If I'd been editor I'd have given chapter titles that clue us in to the purpose of the chapter. Let us know whether a chapter is focused on Katherine Johnson, or Mary Jackson, or relevant historical events, or technological developments at the time, or whatever. This could make the book much more accessible without having to dumb it down.
    Don't get me wrong, it's not all dull and worthy. There are breathtaking moments, such as the appearance of Sputnik, John Glenn's precarious landing and so on. Also, the author is not in any way trying to make readers/listeners feel guilty for being white and/or male, and in fact there are heart-warming moments when friendships form that look beyond colour or gender.
    At the end of the day, getting through this book is more of an effort than it should be, but is nevertheless worth the effort.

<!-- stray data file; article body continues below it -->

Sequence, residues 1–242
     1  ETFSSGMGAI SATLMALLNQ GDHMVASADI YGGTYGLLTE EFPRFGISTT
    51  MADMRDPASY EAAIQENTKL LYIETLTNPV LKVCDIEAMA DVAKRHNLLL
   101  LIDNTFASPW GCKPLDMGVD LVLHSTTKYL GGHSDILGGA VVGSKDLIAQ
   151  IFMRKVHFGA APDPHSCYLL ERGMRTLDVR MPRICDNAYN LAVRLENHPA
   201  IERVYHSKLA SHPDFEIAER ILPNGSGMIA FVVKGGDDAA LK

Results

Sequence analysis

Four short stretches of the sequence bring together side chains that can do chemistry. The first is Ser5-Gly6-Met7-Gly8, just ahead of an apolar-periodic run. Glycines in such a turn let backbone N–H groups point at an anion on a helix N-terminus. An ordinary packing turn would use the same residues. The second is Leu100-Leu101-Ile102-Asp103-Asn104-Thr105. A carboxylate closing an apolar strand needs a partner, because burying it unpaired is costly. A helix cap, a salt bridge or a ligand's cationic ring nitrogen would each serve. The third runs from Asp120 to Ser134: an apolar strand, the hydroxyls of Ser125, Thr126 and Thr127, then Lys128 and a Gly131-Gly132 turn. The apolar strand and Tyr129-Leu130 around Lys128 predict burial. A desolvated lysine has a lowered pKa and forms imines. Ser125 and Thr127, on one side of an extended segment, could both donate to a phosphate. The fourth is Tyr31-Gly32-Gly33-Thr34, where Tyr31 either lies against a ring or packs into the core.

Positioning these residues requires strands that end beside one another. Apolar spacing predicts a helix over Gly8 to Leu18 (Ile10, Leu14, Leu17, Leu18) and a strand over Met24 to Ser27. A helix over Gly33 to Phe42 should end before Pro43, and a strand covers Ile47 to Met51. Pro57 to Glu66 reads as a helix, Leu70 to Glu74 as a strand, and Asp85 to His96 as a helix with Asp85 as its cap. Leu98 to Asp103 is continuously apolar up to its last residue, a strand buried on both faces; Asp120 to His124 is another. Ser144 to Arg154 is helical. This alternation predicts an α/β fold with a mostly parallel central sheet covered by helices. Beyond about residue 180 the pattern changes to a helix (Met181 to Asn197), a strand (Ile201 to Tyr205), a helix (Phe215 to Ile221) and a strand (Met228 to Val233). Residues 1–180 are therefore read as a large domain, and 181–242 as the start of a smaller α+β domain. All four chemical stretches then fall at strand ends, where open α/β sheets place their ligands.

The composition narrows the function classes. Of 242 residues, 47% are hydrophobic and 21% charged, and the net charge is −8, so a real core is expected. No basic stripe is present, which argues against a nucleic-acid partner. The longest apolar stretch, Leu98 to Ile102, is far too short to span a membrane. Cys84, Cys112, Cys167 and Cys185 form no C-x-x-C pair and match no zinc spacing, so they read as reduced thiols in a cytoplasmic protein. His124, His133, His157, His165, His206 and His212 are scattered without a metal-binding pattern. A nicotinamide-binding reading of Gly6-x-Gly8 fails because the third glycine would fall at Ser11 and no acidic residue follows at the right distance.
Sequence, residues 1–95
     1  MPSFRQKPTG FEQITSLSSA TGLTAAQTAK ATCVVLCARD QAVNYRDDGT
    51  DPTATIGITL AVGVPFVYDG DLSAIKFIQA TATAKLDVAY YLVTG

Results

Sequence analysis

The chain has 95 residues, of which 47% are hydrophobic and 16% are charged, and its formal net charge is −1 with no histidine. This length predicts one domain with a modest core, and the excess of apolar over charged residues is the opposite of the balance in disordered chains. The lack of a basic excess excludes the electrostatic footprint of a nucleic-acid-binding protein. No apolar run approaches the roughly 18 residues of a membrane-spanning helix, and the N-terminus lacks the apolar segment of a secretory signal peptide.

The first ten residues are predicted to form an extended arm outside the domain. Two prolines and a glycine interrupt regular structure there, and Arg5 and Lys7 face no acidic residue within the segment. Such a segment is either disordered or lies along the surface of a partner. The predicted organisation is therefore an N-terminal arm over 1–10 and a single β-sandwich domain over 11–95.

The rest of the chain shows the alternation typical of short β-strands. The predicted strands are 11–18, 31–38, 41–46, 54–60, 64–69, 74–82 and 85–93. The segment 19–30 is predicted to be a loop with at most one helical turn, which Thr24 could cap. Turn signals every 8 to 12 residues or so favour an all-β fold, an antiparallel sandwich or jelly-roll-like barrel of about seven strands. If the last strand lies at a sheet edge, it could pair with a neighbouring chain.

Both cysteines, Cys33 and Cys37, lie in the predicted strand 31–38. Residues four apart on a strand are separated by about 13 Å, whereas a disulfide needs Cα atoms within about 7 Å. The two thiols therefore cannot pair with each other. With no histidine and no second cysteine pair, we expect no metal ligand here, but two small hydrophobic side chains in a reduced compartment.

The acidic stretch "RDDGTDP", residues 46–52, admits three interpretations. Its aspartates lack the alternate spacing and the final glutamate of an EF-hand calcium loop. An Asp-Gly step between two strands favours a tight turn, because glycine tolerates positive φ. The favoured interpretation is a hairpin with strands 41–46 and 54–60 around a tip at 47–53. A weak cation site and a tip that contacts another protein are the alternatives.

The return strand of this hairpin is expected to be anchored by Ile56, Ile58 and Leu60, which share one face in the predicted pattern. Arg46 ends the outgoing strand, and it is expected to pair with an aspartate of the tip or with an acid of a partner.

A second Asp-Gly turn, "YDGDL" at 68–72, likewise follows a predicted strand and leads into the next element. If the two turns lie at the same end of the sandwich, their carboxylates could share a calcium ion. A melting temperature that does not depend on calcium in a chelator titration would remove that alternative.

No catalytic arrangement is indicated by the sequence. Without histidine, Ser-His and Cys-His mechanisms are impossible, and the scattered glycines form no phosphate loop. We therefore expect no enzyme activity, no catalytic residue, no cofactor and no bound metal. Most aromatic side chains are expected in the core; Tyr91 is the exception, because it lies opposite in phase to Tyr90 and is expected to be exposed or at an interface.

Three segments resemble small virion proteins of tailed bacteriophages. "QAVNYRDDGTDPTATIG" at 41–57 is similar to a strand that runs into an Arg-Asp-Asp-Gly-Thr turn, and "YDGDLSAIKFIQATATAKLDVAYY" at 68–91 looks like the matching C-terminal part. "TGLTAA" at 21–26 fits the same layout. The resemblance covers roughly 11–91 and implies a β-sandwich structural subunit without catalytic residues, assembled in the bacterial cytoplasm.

I will probably listen to the book again, or perhaps read a print version. I'll also watch the film again, even though I now know it takes a few liberties with history.

    0 of 0 people found this review helpful
  •  
    Chrisanthi Nallaiah 23/07/2017 Member Since 2016
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    "Difficult audio book but great from a historical standpoint"

    I found this quite a difficult audio book, there are a lot of facts, dates and setting of the era which caused my mind to wander. I think this would have been easier as physical book. The story itself is incredible and you can tell a lot of research has been done. I think a lot of the personal stories did get lost amongst the technical detail.